Year of Publication

2009

Degree Name

Doctor of Philosophy (PhD)

Document Type

Dissertation

College

Arts and Sciences

Department

Psychology

First Advisor

Dr. Elizabeth P. Lorch

Second Advisor

Dr. Richard Milich

Abstract

The goal of the current study was to investigate the social skills of a community sample of children that would vary in their level of ADHD symptomatology (e.g., inattention and hyperactivity), with a specific focus on their communication patterns and pragmatic language use (PLU). The study explored whether PLU was associated with, and perhaps accounted for, the social skills problems children with different degrees of ADHD symptomatology experience. Pragmatic language use, ADHD symptomatology, and social skills were examined with traditional standardized measures as well as a detailed investigation of communication patterns and PLU obtained from sampling behaviors from a semi-structured dyadic communication task. A community sample of 54 children between the ages of 9 and 11 years participated.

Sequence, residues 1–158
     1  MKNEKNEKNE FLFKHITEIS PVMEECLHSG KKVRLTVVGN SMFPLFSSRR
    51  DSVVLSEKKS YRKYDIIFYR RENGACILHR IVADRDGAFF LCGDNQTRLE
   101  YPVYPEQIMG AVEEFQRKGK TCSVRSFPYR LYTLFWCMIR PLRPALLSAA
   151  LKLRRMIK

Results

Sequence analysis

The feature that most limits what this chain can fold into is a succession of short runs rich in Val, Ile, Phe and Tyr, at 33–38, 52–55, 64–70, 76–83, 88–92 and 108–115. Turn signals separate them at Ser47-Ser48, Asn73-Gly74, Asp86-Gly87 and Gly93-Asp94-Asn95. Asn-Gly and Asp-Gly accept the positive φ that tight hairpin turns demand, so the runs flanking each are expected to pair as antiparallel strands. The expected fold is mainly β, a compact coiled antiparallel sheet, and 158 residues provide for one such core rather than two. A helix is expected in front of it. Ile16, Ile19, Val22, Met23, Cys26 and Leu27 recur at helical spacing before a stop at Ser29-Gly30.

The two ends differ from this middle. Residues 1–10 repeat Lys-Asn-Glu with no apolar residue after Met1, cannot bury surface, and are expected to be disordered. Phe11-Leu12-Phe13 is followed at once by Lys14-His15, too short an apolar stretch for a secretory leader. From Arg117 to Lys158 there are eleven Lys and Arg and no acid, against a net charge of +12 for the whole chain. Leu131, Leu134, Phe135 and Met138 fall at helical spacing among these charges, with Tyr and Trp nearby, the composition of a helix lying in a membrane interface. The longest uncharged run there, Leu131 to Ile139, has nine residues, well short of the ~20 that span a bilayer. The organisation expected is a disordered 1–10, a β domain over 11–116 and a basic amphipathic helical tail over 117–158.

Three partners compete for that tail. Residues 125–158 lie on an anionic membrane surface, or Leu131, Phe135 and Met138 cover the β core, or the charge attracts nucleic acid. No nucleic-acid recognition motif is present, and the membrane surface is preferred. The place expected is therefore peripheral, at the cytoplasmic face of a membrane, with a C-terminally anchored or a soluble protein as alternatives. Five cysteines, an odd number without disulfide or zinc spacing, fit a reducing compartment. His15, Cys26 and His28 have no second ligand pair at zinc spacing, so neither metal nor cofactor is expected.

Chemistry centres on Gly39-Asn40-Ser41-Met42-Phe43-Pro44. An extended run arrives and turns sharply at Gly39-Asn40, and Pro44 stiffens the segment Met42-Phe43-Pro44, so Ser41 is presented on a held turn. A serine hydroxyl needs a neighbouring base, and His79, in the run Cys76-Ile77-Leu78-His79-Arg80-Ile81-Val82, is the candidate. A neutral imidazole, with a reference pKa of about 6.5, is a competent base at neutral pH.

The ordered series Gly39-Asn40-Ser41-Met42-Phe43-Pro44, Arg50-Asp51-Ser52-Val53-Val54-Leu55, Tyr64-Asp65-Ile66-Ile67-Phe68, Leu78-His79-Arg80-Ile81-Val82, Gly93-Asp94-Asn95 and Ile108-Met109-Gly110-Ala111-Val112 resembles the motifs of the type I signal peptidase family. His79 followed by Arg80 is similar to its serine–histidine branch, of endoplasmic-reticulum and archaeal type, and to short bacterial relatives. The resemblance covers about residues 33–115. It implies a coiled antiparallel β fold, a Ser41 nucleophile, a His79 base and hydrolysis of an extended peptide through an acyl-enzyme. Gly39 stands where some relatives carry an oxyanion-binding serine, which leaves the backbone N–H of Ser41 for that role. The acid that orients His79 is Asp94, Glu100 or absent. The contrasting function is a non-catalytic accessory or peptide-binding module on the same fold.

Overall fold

Pragmatic language use partially mediated the relation between ADHD symptomatology and social skills. These results indicate that although the correlation between ADHD and social skills drops from r = -.649, p < .01 to r = -.478, p < .01, when PLU is entered in the model, the correlation between ADHD and social skills still remains significant. Further, ADHD symptomatology and PLU both predicted social skills scores, and although ADHD symptomatology and PLU were related to one another, PLU provided a unique contribution in the estimate of children’s social skills of 10.5% above and beyond the contribution of ADHD symptomatology. However, ADHD symptomatology was the most influential predictor in uniquely accounting for approximately 19% of the differences in social skills outcomes above and beyond the contribution of PLU.

Possible explanations as to why PLU mediates the relation between ADHD symptomatology and social skills are discussed. Implications and future research are discussed in terms of children with ADHD and peer relations.

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